Temporary vascular shunts as initial treatment of proximal extremity vascular injuries during combat operations: the new standard of care at Echelon II facilities?

Janos Taller, Jinu P. Kamdar, Jeffrey A. Greene, Robert A. Morgan, Charles L. Blankenship, Paul Dabrowski, Richard P. Sharpe

Research output: Contribution to journalArticlepeer-review

65 Scopus citations

Abstract

BACKGROUND: Historically, penetrating injuries to the extremities account for up to 75% of wounds sustained during combat and 10% of deaths. Rapid vascular control and perfusion of injured extremities at forward deployed Echelon II surgical facilities is essential to limit loss of life and maximize limb preservation. We review our experience with the management of extremity vascular trauma and report the largest single Echelon II experience to date on temporary vascular shunting (TVS) for proximal extremity vascular injuries. METHODS: Data on combat trauma patients presenting to a US Navy Echelon II forward surgical facility in Iraq were prospectively recorded during a 7-month period. Patients with suspected vascular injuries underwent exploration in the operating room. After vessel control, thrombectomy and instillation of heparinized saline, vascular injuries in the proximal extremity were temporarily shunted in a standardized fashion. Vascular injuries in the distal extremity were routinely ligated. After shunting, patients were transported to an Echelon III facility in the Iraqi Theater and underwent vascular reconstruction. They were followed through transfer to the Continental United States or discharge into the civilian Iraqi medical system. Shunt patency, limb salvage, and survival data were obtained by retrospective review of electronic medical records. RESULTS: Six hundred ten combat trauma patients were treated from August 16, 2006 to February 25, 2007. Thirty-seven patients (6.1%) sustained 73 injuries to major extremity vascular structures. Twenty-three proximal vascular shunts were placed in 16 patients with mean Injury Severity Score of 25 (range, 17-43) and mean mangled extremity severity score (MESS) of 8 (range, 5-10). Twenty-two of 23 shunts (95.6%) were patent upon arrival to the Echelon III facility and underwent successful autologous vein reconstruction. All shunt patients survived their injuries with 100% early limb preservation as followed through their first 30 days of medical care or discharge into the local medical community. CONCLUSIONS: Complex combat injuries to proximal extremity vessels should be routinely shunted at forward-deployed Echelon II facilities as part of the resuscitative, damage control process.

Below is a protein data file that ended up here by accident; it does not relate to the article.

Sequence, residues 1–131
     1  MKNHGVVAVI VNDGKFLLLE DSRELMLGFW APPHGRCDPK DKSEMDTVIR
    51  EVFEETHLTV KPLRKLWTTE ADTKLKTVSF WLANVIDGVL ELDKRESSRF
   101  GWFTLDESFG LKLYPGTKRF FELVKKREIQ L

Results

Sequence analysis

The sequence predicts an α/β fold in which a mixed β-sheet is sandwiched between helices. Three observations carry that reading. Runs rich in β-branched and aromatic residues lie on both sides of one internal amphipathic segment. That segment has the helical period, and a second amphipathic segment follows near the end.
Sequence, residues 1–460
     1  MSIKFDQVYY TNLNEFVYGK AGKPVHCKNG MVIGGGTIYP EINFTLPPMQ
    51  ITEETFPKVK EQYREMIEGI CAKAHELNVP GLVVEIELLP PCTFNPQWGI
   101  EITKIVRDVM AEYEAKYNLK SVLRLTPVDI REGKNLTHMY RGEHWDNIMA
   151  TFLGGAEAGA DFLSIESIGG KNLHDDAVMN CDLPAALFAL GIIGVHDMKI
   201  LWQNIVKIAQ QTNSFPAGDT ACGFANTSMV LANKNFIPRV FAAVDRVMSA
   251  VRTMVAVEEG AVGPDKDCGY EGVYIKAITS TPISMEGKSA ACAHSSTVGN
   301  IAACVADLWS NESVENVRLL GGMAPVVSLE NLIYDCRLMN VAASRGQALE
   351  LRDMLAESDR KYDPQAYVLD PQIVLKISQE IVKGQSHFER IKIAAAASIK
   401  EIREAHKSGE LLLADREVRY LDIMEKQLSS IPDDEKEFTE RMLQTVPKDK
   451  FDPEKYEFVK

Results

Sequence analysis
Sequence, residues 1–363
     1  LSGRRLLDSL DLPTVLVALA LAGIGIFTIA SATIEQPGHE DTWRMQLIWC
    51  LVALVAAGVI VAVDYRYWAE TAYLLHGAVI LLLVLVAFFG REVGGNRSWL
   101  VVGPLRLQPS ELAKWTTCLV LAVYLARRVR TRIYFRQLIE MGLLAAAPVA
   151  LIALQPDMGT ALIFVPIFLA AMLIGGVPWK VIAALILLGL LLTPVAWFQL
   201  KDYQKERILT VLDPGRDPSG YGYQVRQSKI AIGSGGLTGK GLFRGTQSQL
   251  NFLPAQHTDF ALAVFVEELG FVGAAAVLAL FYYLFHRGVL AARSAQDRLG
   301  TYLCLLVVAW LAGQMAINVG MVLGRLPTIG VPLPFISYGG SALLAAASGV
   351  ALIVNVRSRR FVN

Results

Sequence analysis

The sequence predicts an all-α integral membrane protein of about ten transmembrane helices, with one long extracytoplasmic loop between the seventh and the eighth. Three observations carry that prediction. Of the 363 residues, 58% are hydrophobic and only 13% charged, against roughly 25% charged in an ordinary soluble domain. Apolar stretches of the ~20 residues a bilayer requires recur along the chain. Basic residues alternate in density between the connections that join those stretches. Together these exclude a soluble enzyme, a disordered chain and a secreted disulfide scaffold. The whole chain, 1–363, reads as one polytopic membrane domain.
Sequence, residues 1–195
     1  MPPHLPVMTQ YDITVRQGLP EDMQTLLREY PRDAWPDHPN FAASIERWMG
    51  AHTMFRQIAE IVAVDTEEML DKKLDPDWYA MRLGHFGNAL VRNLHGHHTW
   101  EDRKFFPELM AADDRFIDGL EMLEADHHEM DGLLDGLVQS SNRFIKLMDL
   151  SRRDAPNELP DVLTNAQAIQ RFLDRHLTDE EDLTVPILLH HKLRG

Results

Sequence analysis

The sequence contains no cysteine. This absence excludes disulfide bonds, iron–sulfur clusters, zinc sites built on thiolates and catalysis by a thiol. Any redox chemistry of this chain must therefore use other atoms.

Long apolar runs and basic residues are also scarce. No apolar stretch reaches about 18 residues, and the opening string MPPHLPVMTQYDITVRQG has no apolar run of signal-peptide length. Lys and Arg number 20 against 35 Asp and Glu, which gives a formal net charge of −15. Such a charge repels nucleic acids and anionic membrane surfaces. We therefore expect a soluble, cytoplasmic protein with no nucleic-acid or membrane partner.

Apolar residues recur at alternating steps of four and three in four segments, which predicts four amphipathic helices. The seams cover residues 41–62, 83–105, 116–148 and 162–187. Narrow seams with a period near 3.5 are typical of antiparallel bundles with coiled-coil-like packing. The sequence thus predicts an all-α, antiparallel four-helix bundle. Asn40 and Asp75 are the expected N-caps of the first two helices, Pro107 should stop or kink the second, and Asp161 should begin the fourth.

Original languageEnglish (US)
Pages (from-to)595-603
Number of pages9
JournalThe Journal of trauma
Volume65
Issue number3
DOIs
StatePublished - Sep 2008

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